Monday, May 18, 2009

Declassified Documents Shed New Light on Zionist AIPAC Espionage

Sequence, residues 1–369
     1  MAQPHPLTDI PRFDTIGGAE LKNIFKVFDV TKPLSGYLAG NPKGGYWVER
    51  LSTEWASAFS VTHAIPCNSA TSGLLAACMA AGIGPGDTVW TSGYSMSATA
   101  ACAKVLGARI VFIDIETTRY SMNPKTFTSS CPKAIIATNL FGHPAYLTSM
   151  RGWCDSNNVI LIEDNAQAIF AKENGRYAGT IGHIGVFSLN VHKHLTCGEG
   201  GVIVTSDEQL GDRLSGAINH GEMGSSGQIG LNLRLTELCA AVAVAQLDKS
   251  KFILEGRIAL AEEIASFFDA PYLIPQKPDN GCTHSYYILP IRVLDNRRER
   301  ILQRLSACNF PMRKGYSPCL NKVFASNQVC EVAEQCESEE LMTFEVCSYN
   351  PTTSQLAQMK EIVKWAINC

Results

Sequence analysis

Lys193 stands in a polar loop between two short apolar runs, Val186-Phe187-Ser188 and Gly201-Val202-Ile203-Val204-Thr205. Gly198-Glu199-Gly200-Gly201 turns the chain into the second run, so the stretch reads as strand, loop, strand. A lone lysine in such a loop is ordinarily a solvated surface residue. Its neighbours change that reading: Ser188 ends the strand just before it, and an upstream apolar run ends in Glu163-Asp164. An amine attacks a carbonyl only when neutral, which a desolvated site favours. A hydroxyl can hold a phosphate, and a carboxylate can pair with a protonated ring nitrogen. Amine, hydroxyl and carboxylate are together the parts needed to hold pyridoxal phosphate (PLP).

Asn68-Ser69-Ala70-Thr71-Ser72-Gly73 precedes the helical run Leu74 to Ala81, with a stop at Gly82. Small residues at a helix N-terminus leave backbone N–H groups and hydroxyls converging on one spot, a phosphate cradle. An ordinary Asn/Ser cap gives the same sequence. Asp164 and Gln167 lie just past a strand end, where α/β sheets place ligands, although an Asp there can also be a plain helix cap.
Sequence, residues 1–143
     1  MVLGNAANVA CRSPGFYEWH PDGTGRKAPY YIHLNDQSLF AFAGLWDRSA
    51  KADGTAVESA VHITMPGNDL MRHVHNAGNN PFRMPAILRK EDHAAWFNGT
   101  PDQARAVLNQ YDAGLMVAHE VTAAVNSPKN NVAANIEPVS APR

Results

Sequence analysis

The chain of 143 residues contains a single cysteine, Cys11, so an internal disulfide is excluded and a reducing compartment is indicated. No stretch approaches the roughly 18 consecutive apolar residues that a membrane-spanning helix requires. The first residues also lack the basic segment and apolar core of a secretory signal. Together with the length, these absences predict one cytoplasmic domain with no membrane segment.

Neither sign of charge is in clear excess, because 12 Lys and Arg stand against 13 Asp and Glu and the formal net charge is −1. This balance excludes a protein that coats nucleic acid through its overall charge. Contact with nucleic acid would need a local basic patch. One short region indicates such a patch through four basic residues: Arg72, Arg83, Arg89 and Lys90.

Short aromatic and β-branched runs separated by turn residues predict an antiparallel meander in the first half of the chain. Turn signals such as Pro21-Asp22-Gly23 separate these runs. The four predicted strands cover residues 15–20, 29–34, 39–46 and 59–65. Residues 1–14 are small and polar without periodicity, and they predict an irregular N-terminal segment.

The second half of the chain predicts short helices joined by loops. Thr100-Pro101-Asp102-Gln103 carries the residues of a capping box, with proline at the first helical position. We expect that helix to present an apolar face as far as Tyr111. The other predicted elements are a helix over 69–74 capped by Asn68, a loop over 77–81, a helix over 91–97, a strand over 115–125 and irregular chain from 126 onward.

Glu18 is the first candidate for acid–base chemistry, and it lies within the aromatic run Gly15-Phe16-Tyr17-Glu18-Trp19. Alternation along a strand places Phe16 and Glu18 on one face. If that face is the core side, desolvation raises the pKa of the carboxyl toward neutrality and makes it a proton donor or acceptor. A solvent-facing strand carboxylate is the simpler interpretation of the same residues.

on AIPAC Espionage Prosecution - IRmepWed Aug 20, 2008 8:00am EDT WASHINGTON, Aug. 20 /PRNewswire-USNewswire/ -- More than one thousanddocuments released under Freedom of Information Act filings reveal details ofa secret battle that raged between founders of the American Israel PublicAffairs Committee (AIPAC) and top US law enforcement officials. The new book"America's Defense Line: The Justice Department's Battle to Register theIsrael Lobby as Agents of a Foreign Government" reproduces and analyzes thesefiles and their troubling implications for rule of law in the United States."America's Defense Line" also reveals stunning details of a preferential dealengineered within the highest levels of the US Department of Justice over thecourse of three years and implemented in 1965 -- but kept secret from theAmerican public until today. Old documents and new analysis from the Centerfor Policy and Law Enforcement raise many questions about the upcoming October2008 AIPAC espionage trial.In 2005, Colonel Lawrence Franklin was indicted alongside two executives ofAIPAC for allegedly violating the 1917 Espionage Act. Franklin later pledguilty to passing AIPAC a classified presidential directive and other secretsconcerning America's Iran policy. Steven Rosen and Keith Weissman of AIPACallegedly forwarded the highly sensitive information to Israeli governmentofficials and select members of Washington's media establishment. This covertleaking appears to be one of many AIPAC tactics designed to encourage tougherU.S. policies toward Iran, from financial boycotts to naval blockades andpossibly even military strikes.On October 28, 2008, government prosecutors are scheduled to appeal the rulingjudge's order that they must prove the alleged AIPAC leaks of national defenseinformation actually harmed the United States. The 1917 Espionage Act actuallyrequires a much lower standard of proof: "the injury of the United States orto the advantage of a foreign country."According to Grant F. Smith, the declassified documents bolster theprosecution's position that the Espionage Act should be tightly interpreted asit was written. "In the early 1960s, the Attorney General found that theIsrael lobby was acting as an unregistered foreign agent for Israel andordered it to register. Nevertheless, after a similar three-year period ofdelays and appeals, AIPAC's predecessor was allowed to file a secret ForeignAgents Registration Act (FARA) statement, our nation's first exception to thatvery important public disclosure law. Forcing today's prosecutors to operateunder a higher standard of evidence smacks of institutionalized preferentialtreatment for a lobby that has serially engaged in activities harmful to theUnited States."Federal, state and local law enforcement officials may request a complimentaryhard copy of "America's Defense Line" by sending their agency's mailingaddress to from a government email domain. Complimentary bookswill be sent only while supplies last.Members of the public can purchase the hardcover edition of "America's DefenseLine" for $29.95 at, Barnes & Noble and other fine bookstores. The340-page report's ISBN number is 0-9764437-2-4.About the Institute for Research: Middle Eastern Policy, Inc., is a Washington-based nonprofit that studies US policy formulationtoward the Middle East. IRmep's Center for Policy & Law Enforcement examineshow balanced and vigorous law enforcement can improve trade, economicdevelopment and America's international standing.SOURCE Institute for Research: Middle Eastern Policy

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